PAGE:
Apple is a company that likes to present themselves as though they’re at the forefront of everyone’s technological concerns. Despite past issues with security vulnerability and data collection that drove privacy focused users away from Apple products, they’re not ready to stop trying.
Apple introduced their new Private Relay feature to crowds at their iOS 15 event, billing it as a browser based encryption tool. They worked hard to make Private Relay sound like a VPN without outright calling it a VPN, instead referring to it as a “VPN alternative.”
Private Relay is not a VPN, and technically, any browser or tool that is not a VPN would also be a VPN alternative. Apple worked very hard to choose the right words to give people the impression that their new tool was somehow better or more convenient than a VPN, when in reality, the feature isn’t capable of performing the majority of tasks that people rely on VPNs to perform.
What is Private Relay?
Private Relay is designed to send your traffic through two third party proxy services before you reach your destination. It’s worth noting that Apple has yet to mention who owns those servers, making it more difficult to discern if they’re trustworthy.
Private Relay uses simple encryption technology to limit what data collectors can see, including what Apple can see.This doesn’t completely block them from your data or your activity. It simply decreases their intake.
Private relay prevents Apple from directly learning every aspect of what you’re doing on the Safari browser. Apple still knows who you are and where you are. It partially hides your identity from third party servers, but gives websites and third party servers your location and information about the websites you’re attempting to access.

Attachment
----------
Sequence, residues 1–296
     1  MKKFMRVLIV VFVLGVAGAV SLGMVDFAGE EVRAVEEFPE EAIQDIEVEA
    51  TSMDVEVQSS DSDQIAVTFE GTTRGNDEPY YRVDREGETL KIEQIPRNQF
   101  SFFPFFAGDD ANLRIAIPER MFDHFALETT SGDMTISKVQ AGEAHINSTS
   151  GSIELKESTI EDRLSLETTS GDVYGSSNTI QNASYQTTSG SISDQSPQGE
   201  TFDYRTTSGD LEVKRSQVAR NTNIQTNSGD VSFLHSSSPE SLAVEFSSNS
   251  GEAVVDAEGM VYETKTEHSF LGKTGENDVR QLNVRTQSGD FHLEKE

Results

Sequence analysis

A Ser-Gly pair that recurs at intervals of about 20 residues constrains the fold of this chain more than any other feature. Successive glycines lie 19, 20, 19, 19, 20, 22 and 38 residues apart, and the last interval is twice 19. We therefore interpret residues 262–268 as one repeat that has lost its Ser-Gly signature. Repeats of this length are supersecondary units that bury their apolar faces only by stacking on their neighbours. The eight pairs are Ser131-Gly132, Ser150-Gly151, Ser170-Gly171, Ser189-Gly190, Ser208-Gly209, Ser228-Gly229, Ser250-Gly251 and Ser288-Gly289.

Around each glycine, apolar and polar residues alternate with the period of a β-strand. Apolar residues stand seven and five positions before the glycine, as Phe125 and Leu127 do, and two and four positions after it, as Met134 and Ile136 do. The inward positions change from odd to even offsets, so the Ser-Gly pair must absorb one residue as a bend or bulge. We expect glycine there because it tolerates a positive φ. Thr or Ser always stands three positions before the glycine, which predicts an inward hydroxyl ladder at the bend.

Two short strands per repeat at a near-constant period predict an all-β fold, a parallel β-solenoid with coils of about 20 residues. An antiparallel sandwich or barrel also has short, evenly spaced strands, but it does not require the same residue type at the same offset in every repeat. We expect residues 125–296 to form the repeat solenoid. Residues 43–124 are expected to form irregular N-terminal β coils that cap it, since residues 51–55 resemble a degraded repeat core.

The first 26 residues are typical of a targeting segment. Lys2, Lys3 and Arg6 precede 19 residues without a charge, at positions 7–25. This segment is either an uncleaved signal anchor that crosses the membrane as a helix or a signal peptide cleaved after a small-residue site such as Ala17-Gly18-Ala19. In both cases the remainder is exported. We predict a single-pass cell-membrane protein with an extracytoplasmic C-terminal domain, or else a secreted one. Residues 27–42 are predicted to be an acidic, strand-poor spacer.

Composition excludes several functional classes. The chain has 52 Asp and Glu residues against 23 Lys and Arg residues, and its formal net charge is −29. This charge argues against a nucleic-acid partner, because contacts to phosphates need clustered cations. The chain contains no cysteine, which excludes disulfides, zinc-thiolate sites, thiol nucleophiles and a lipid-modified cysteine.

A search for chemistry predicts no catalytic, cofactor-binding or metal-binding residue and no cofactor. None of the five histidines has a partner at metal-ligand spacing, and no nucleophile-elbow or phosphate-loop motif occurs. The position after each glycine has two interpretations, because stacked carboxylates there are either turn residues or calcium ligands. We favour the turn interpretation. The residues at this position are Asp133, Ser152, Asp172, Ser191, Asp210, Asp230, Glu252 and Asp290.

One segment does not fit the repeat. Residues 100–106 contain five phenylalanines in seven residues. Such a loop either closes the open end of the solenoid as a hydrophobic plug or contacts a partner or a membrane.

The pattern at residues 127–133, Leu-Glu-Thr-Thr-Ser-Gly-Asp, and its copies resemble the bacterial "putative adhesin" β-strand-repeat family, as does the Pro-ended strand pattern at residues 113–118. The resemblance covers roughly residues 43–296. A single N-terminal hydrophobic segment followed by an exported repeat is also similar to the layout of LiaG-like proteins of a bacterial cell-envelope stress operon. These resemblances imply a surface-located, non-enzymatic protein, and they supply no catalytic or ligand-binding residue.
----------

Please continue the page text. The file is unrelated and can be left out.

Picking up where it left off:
Apple has essentially equipped their technology with a tool that protects you from Apple.
Private Relay is an imperfect proxy system that has very little in common with a VPN. You can’t bypass region restrictions on content, it doesn’t provide encryption to your whole device, and it doesn’t offer traffic obfuscation.
Unlike stealth protocol VPNs, proxies give themselves away. Proxies are often blocked on public WiFi, most private networks, and college campuses. People who use iOS won’t be able to use Private Relay in the places where they actually need it most. This begs the question: is it really a privacy tool if it doesn’t work in situations where privacy is most necessary?
Don’t Count on Private Relay
If you were looking forward to Private Relay to solve all of your online privacy woes, you’re going to be sorely disappointed with what little they’re actually offering you. The only way to keep your information truly private on the internet is to use a stealth protocol VPN. It doesn’t matter what network you’re using or even what country you’re in. Stealth VPNs like TorGuard are the only tools able of providing you with complete and total anonymity.